Out of all the Griselda heavy hitters, Conway the Machine is easily my favorite artist from the bunch. His rugged delivery, which is somewhere between a slight tremor and a wobbled quake, carries perturbed weight from circumstances that seem to get bleaker by the day. His good friend (and frequent Griselda collaborator) DJ Shay unexpectedly passed away from Coronavirus complications back in mid-August, which understandably put a dent in Griselda’s recent positive momentum.
As with most things in his life though, Conway shows major perseverance. Compared to his last solo record Look What I Became-which felt almost celebratory despite its hardened soil-Conway’s newest album From King To a GOD toils with mortality (his own and others), hip hop lineage, royal imagery, and the power of a friendship. But unlike Nas, who appears to be content with his self-coronating platitudes and nostalgia-driven flashbacks, Conway uses his own divine portrait as a method for forward movement and persistence. It’s a framing device more than an overblown ego. He operates in a similar old school lane as Nas (and even has Hit-Boy featured as a producer), but connects that particular golden era with a pastiche of personal anecdotes ranging from street life, family loyalty, and everything in between.
Conway does a nice job of balancing commercialization with the concrete. The album as a whole is filled with features-something you’d expect from a mainstream rap project nowadays-but many of the collaborators are artists that Conway undoubtedly looks up too as inspirations, whether it be Method Man, Havoc, The Alchemist, or Erick Sermon of EMPD. In other terms, hip hop royalty.
Rather than use these legendary names as a shameless marketing tool, Conway provides some of his most impressive rapping to date. Over a beat that confines itself between dreamy and filthy (courtesy of in-house producers Beat Butcha and Daringer), Method and Conway toil between real life implications and personal narrative-building (Watchin’ his baby mothers cry, I got numb, I can’t lie/His mama ain’t shed a tear, she know that come with this life”).
Sinister taunts and chilly paranoia are expected on a Conway project at this point, and there’s still definitely a lot of that on From King to a GOD. But what makes this endeavor stand out from past mixtapes is his ability to pinpoint the monumental nature of what he’s doing, and who he’s doing it for.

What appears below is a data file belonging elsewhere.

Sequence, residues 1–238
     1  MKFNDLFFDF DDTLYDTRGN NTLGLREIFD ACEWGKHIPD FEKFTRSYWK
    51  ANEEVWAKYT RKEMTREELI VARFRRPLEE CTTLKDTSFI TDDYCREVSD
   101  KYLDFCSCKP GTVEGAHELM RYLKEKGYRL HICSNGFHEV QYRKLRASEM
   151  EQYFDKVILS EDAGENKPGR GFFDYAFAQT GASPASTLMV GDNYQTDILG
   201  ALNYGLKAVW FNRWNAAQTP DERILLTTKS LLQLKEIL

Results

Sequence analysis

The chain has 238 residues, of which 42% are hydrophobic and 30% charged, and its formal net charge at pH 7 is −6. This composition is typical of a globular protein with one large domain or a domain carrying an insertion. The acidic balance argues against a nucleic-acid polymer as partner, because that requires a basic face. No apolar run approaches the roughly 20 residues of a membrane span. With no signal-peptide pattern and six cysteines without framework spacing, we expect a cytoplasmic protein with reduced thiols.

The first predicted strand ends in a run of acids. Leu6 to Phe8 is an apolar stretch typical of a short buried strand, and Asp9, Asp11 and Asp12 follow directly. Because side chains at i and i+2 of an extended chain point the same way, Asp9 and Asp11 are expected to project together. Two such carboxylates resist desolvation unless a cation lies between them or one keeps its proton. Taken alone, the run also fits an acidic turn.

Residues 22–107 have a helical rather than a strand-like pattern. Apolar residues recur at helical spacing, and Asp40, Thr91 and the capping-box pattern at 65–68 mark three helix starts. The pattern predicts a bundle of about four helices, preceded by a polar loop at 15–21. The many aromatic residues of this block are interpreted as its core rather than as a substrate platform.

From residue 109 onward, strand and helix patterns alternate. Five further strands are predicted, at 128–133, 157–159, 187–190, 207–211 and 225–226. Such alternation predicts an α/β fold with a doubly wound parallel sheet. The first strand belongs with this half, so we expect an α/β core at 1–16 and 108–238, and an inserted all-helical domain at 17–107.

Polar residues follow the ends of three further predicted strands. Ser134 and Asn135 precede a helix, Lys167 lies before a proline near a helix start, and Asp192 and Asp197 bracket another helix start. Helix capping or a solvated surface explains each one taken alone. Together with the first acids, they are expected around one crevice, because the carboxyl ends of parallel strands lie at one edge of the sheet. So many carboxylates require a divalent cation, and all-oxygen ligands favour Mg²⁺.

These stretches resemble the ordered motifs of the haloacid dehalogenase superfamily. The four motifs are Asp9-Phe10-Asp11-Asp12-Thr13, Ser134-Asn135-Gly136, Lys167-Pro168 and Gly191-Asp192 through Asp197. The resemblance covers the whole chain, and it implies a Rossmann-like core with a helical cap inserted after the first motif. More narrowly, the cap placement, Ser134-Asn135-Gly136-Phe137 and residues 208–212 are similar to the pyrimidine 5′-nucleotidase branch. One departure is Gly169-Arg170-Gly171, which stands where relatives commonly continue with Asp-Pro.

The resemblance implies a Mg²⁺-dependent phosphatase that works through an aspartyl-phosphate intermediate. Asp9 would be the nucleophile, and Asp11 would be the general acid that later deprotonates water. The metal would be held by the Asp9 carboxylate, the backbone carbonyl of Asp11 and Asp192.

There’s multiple spoken word passages from Shay that essentially eulogize his existence. His spirit carries a lot of this album’s passion, as emphasized (and essentially culminated) on “Forever Dropping Tears.” Over a synth-heavy Erick Sermon/Rockwilder beat that bridges the gap between east coast griminess and west coast suave, Conway reaches his pinnacle as a veteran narrator. He shows timeless love for his closest peers by telling the story of two who were taken from his life. In the first part, Conway opens up about his friend Damani’s death, and talks about how they used to skip school to buy weed and “post at the Chinese store.” The second portion of this emotional soliloquy finds Conway unpacking the aftermath of Shay’s death, as well as the final moments with him. Put together, the song transitions from emotional to vividly devastating in a heartbeat (“Wish you got your flowers while you were still alive/Drunk a bottle with Shamerra and Dominic and I cried (Your kids)/When I got out the hospital from them shots I survived”).
That track alone will easily find itself in the best songs of the year argument, but it also acts as a testament to Conway’s improvements as a writer and artist in general. He’s never been more confidently versatile or wholly sure of his message. The collaboration with Griselda signee Armani Caesar on “Anza” represents a more fun side of the Buffalo native thanks to a Murda beat that sounds bouncier than normal thanks to each rapper’s infectious delivery.
Aside from a few hiccups along the way (his singing is borderline terrible on “Seen Everything But Jesus”), Conway offers a formidable remembrance for those he’s lost, and a proper gateway for a hopeful future. He’s definitely hurting at the moment, but if From King to a God proves anything, it’s that none of us are bigger than the universe. We’re just all trying to form meaningful relationships before it’s too late.